Tall terminal spikes of groundsel flowers arise from each of the great cabbage-like rosette of leaves,[5] each spike or inflorescence narrowly conical up to 110 centimetres (43 in) tall and 20 centimetres (7.9 in) in diameter. The flower heads are upright (as opposed to pendulous in D. keniodenron)[3] each consisting of 12 to 16 bright yellow ray florets up to 25 millimetres (0.98 in) long and 60-80 disc florets.[6] Each leaf rosette dies after flowering, but the plant lives on because its highly branched growth form consists of multiple rosettes.[3]


Senecio keniensis makes its home mostly in the lower alpine or moorland zone located at altitudes of 2,900 metres (9,500 ft) to 3,800 metres (12,500 ft)[3][4] that can be characterized by high soil moisture, a thick humus layer, similar terrain, and not a lot of different species present. The upper alpine zone, 3,800 metres (12,500 ft) to 4,500 metres (14,800 ft), is more topographically diverse, and contains a more varied flora, including the giant rosette plants Lobelia telekii and L. keniensis, Senecio keniodendron and Carduus spp.. S. keniensis can be found in both the lower and upper alpine zone,[10] although it is less common above 4,000 metres (13,000 ft) where it can regularly hybridise with S. keniodendron.[3][11]

Name confusion[edit]

S. keniensis has a history which includes some confusion between it and other species from other genus which belongs to a different family. There was a mix-up in some of the materials that were collected that united the leaf of Lobelia gregoriana with the inflorescence of S. keniensis. At that time, Senecio keniensis was rejected as a confused name "nomen confusum" based on the muddled samples from which made it impossible to select a single specimen,[12] but that practice is no longer permitted and the replacement name S. brassica is superfluous and other names that were based on this basionym are similarly illogical and incorrectly deduced. Examples: Fries and Fries (1922) cited the confused material for S. brassica; Hedberg (1957) selected a single specimen from among the syntypes that associated S. brassica with Fries & Fries.[6]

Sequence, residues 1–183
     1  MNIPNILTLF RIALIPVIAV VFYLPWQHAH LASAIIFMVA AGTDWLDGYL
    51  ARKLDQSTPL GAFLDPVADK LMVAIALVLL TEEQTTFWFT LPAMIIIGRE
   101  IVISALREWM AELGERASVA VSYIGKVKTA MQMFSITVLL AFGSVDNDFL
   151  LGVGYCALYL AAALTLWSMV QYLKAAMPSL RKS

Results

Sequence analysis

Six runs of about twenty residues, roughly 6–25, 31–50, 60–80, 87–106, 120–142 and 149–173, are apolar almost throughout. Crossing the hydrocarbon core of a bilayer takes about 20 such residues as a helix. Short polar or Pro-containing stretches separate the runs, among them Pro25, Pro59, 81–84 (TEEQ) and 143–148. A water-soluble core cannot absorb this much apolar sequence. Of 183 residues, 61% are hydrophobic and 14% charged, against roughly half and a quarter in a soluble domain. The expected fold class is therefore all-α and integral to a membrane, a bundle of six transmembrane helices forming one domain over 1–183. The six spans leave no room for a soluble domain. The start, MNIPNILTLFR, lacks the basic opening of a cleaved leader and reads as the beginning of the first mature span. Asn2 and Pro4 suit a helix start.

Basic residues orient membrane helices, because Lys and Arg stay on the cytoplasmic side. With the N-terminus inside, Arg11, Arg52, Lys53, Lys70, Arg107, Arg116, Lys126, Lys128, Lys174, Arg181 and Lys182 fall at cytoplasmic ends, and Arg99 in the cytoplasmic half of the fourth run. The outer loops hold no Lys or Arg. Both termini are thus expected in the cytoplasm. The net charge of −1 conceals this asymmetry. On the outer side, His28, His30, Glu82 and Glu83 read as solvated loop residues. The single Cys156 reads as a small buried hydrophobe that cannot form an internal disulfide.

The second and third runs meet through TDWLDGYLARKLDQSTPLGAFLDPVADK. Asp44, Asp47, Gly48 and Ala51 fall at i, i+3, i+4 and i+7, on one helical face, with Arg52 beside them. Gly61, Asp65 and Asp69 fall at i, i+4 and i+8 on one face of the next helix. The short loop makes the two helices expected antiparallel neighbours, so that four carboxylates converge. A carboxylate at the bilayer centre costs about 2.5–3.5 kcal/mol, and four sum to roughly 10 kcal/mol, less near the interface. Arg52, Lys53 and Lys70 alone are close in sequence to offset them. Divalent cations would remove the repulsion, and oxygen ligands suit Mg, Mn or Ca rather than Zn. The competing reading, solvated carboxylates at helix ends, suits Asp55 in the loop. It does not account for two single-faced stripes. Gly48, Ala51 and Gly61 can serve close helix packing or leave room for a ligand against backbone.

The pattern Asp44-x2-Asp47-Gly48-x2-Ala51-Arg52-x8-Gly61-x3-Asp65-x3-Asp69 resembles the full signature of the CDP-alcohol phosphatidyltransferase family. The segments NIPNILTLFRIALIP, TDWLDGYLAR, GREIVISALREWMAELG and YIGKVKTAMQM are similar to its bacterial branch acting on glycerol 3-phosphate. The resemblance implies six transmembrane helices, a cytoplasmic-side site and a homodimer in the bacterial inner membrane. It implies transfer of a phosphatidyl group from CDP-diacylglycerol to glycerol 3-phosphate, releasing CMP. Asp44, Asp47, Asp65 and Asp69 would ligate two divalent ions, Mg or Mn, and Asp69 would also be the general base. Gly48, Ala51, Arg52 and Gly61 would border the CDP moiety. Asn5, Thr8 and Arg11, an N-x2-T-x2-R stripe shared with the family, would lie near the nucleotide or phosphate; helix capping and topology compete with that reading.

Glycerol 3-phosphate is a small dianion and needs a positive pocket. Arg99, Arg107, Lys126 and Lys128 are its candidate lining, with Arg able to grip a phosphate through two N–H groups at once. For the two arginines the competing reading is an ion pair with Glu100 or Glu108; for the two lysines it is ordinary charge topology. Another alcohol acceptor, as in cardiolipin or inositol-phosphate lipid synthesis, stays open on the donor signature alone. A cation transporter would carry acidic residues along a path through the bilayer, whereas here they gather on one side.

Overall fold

• Senecio keniensis Baker subsp. keniensis x S. keniodendron R.E.Fr. & T.C.E.Fr. ex Hell.[13]


Sketch by John Walter Gregory of giant groundsel (Senecio keniodendron) from The Great Rift Valley[5]
  1. ^ "Dendrosenecio keniensis (Baker f.) Mabb. record n° 105268". African Flowering Plant Database. 1986. Retrieved 2008-03-27.[permanent dead link]
  2. ^ Missouri Botanical Garden (1894). "Senecio keniensis Baker". Nomenclatural Data Base. Missouri Botanical Garden. Retrieved 2008-03-27.